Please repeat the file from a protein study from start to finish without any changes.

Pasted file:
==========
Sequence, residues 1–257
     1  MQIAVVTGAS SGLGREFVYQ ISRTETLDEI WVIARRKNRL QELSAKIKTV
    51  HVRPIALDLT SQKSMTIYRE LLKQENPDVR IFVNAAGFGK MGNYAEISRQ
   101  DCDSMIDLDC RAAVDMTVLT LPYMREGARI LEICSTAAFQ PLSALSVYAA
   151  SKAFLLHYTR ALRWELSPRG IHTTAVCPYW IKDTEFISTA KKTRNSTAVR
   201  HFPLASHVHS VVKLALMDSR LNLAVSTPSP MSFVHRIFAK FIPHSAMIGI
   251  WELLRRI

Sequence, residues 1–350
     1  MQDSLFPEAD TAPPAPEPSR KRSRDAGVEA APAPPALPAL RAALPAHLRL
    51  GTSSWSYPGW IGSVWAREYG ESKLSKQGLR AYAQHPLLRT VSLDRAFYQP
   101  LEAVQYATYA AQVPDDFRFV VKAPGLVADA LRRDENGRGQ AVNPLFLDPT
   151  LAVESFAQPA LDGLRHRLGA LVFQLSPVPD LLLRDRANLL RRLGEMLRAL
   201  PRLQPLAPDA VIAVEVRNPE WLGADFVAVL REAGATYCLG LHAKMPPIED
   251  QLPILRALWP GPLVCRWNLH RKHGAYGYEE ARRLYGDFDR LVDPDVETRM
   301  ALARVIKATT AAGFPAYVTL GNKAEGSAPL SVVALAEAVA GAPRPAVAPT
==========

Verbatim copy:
Sequence, residues 1–257
     1  MQIAVVTGAS SGLGREFVYQ ISRTETLDEI WVIARRKNRL QELSAKIKTV
    51  HVRPIALDLT SQKSMTIYRE LLKQENPDVR IFVNAAGFGK MGNYAEISRQ
   101  DCDSMIDLDC RAAVDMTVLT LPYMREGARI LEICSTAAFQ PLSALSVYAA
   151  SKAFLLHYTR ALRWELSPRG IHTTAVCPYW IKDTEFISTA KKTRNSTAVR
   201  HFPLASHVHS VVKLALMDSR LNLAVSTPSP MSFVHRIFAK FIPHSAMIGI
   251  WELLRRI

Sequence, residues 1–350
     1  MQDSLFPEAD TAPPAPEPSR KRSRDAGVEA APAPPALPAL RAALPAHLRL
    51  GTSSWSYPGW IGSVWAREYG ESKLSKQGLR AYAQHPLLRT VSLDRAFYQP
   101  LEAVQYATYA AQVPDDFRFV VKAPGLVADA LRRDENGRGQ AVNPLFLDPT
   151  LAVESFAQPA LDGLRHRLGA LVFQLSPVPD LLLRDRANLL RRLGEMLRAL
   201  PRLQPLAPDA VIAVEVRNPE WLGADFVAVL REAGATYCLG LHAKMPPIED
   251  QLPILRALWP GPLVCRWNLH RKHGAYGYEE ARRLYGDFDR LVDPDVETRM
   301  ALARVIKATT AAGFPAYVTL GNKAEGSAPL SVVALAEAVA GAPRPAVAPT